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Asparagus with Sugared Almonds and Piquillo Peppers

Asparagus with Sugared Almonds and Piquillo Peppers by chef Thomas Keller

One of the secrets to keeping green vegetables a vivid colour is in using a technique I call big-pot blanching. Blanching green vegetables in a big stockpot with a lot of boiling water and a good amount of salt (about 1 cup per gallon of water) allows the water to maintain a boil once the vegetables are added and cook them more quickly. The salt not only seasons the vegetables, in this case asparagus, but also helps prevent the colour from leaching into the water.

Begin checking the asparagus after 3 minutes. The cooking time can vary greatly, depending on the size of the asparagus.
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• 32 (about 2 pounds) medium asparagus
• Coarse salt
• 1/4 cup Piquillo peppers, preferably oil packed, finely diced
• 2 tablespoons extra virgin olive oil
• 2 teaspoons balsamic vinegar
• Freshly ground black pepper
• Sugared Almonds (see below)

Bring a large Copper-Core stockpot of water to a boil. Add enough salt for the water to taste like the ocean, we recommend 1 cup of salt for every gallon of water used. Prepare an ice bath.

Meanwhile, to prepare the asparagus line the work surface with a piece of parchment to catch the asparagus peelings (this will allow for an easy clean up). Place a raised container, bottom up over the work surface. This surface will act as a small “table” to peel the asparagus without breaking off the tip. Set the tip and most of the stalk on the surface. Hold the bottom end of the asparagus with one hand and with the other; peel the asparagus from just below the tip to about 1-inch from the bottom. Repeat with the remaining asparagus, letting the peels fall onto the parchment. Remove the container; throw away the parchment and the peels.

Remove the tough ends of the asparagus by holding the centre of each stalk with one hand and bending the bottom end of the stalk until it snaps off naturally. Discard the ends. Line up the asparagus spears, tips facing the same direction, and trim the ends so that the spears are of equal length.

Divide the asparagus into four equal piles with the tips facing the same direction. Cut 4 pieces of kitchen twine about 2 feet long and tie the spears into bundles, leaving a 3-inch end of twine free. Start by wrapping the twine securely around the top of the bundle (just below the tips), then wrap the remaining twine down and around the bottom, lastly tie the ends of twine together.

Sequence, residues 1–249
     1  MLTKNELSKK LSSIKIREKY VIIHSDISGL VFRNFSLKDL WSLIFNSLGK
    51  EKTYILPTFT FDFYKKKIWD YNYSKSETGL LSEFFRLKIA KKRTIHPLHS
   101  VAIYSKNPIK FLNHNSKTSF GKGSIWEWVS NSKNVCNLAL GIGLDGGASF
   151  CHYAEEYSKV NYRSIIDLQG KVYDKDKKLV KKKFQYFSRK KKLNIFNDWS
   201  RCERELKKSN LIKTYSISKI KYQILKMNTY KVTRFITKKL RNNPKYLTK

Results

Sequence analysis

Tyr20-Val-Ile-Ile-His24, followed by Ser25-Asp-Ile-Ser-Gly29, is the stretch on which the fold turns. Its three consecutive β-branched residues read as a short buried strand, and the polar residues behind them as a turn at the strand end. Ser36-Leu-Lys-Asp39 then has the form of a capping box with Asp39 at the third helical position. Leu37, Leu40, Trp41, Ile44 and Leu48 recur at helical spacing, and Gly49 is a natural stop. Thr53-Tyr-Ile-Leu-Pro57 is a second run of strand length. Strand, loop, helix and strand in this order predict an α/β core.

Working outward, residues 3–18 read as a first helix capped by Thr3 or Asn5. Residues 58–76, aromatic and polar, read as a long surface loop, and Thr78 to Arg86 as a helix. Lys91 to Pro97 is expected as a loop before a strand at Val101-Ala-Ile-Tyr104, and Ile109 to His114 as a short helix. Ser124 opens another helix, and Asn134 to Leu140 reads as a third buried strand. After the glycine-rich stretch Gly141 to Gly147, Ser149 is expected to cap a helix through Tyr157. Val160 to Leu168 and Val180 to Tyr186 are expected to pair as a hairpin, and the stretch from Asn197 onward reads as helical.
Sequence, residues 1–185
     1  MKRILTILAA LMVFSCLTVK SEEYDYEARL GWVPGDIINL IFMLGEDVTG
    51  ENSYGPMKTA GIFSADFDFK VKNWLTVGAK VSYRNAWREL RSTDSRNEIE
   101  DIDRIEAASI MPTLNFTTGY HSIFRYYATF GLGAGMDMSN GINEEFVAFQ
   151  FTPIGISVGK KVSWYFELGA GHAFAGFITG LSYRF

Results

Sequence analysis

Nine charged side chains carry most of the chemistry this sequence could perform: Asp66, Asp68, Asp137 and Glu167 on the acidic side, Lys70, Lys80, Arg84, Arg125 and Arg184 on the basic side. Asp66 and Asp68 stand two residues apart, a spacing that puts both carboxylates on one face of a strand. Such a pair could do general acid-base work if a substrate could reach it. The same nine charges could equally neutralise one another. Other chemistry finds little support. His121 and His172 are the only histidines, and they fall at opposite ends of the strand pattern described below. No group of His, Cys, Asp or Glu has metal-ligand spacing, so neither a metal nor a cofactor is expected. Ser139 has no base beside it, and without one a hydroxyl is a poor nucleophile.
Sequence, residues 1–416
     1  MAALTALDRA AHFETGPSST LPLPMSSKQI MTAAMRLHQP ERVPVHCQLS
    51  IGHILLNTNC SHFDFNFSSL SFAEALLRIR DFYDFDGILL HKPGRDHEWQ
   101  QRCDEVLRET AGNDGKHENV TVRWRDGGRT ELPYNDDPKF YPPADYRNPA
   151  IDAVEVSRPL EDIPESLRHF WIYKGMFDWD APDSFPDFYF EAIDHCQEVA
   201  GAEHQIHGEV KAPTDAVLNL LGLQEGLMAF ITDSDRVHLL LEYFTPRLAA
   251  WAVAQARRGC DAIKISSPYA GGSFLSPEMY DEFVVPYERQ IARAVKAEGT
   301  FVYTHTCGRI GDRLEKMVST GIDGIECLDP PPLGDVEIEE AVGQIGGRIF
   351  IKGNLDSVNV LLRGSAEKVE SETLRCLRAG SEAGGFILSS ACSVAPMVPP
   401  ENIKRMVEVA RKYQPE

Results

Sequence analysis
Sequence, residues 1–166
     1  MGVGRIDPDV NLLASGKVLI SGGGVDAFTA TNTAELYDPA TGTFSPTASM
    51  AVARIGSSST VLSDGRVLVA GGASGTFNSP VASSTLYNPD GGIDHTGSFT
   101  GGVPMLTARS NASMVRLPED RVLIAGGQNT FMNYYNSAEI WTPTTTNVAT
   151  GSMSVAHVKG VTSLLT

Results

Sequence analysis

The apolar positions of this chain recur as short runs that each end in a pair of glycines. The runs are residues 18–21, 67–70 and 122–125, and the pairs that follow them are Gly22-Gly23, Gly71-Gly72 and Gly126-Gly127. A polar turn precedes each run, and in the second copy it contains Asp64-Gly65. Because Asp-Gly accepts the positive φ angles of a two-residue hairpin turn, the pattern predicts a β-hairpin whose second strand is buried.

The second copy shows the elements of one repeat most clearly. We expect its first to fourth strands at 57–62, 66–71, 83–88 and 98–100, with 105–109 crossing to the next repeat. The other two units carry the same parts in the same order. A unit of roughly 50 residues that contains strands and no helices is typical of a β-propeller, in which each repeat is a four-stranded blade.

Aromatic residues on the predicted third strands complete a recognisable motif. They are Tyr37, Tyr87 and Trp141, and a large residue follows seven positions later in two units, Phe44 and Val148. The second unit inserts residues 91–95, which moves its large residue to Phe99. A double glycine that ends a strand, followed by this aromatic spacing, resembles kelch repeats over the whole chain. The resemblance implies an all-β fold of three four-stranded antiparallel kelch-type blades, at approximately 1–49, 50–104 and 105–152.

When the water is boiling, add the asparagus and cook for 4 to 6 minutes (depending on the diameter of the asparagus), or until they are just tender. Transfer the asparagus bundles to the ice bath. When they are cold, drain them on paper towels.

For the vinaigrette: In a small bowl, combine the peppers, olive oil and vinegar then salt and pepper to taste. Remove the strings from the asparagus bundles and arrange one bundle on each serving plate. Spoon the vinaigrette and peppers over the asparagus, drizzling some of the vinaigrette on the plate. Sprinkle with sugared almonds.

Serves 4 

Sugared Almonds

Resist the temptation to drain these almonds on paper towels immediately after frying. They will stick to the paper towels.

• 1/2 cup slivered almonds
• Canola oil
• Powdered sugar, in a shaker or small strainer

Bring a small Copper-Core sauce pan of water to a boil. Place 1/2 inch of oil in a small sauté pan and bring the oil to 350°F. Place a baking sheet or tray near the oil. Dust the sides and bottom of a medium sized metal bowl with a generous coating of powdered sugar.

When the water is boiling, add the almonds and blanch for 10 seconds. Drain in a strainer and shake well to remove all excess water. Place the hot nuts in the bowl of sugar. Dust the top of the nuts with more sugar and swirl the pan to coat the nuts. Add another one or two dustings of sugar. Although the sugar will melt from the heat of the nuts, they should be visibly coated.

Depending on the size of the pan you are using, you may want to cook half the almonds at a time. Place the nuts in a skimmer or spider and carefully lower them into the hot oil, then pull them out, repeat once or twice to evaporate any water, which may cause the oil to spurt.

Move the almonds in the oil to brown evenly, then remove them with a skimmer or spider to drain, spreading them out on the baking sheet. Once cool, quickly drain the nuts on paper towels to remove any excess oil. Store the sugared almonds in an airtight container.

Makes a 1/2 cup

Chef Thomas Keller's tip



"Piquillo peppers are lightly smoked red peppers from the Basque region of Spain. They are worth seeking out, but if you can not find them, you can substitute roasted red peppers, or even a jar of pimentos."
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